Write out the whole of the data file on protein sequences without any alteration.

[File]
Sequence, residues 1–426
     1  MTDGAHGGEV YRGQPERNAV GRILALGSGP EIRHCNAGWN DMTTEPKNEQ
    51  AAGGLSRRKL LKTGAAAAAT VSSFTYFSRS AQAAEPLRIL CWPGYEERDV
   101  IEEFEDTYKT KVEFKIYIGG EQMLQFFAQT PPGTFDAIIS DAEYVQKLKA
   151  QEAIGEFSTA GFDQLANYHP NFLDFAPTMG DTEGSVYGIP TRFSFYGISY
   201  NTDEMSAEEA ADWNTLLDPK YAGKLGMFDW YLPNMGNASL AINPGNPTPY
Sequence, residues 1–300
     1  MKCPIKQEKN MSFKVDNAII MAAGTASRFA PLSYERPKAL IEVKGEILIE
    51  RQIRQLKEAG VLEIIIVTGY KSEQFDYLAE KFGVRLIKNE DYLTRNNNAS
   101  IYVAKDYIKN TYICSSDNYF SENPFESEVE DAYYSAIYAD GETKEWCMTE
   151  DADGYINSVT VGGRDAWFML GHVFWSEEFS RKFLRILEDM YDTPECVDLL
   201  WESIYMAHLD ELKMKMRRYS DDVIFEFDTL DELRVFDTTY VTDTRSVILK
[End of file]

Sequence, residues 1–426
     1  MTDGAHGGEV YRGQPERNAV GRILALGSGP EIRHCNAGWN DMTTEPKNEQ
    51  AAGGLSRRKL LKTGAAAAAT VSSFTYFSRS AQAAEPLRIL CWPGYEERDV
   101  IEEFEDTYKT KVEFKIYIGG EQMLQFFAQT PPGTFDAIIS DAEYVQKLKA
   151  QEAIGEFSTA GFDQLANYHP NFLDFAPTMG DTEGSVYGIP TRFSFYGISY
   201  NTDEMSAEEA ADWNTLLDPK YAGKLGMFDW YLPNMGNASL AINPGNPTPY
Sequence, residues 1–300
     1  MKCPIKQEKN MSFKVDNAII MAAGTASRFA PLSYERPKAL IEVKGEILIE
    51  RQIRQLKEAG VLEIIIVTGY KSEQFDYLAE KFGVRLIKNE DYLTRNNNAS
   101  IYVAKDYIKN TYICSSDNYF SENPFESEVE DAYYSAIYAD GETKEWCMTE
   151  DADGYINSVT VGGRDAWFML GHVFWSEEFS RKFLRILEDM YDTPECVDLL
   201  WESIYMAHLD ELKMKMRRYS DDVIFEFDTL DELRVFDTTY VTDTRSVILK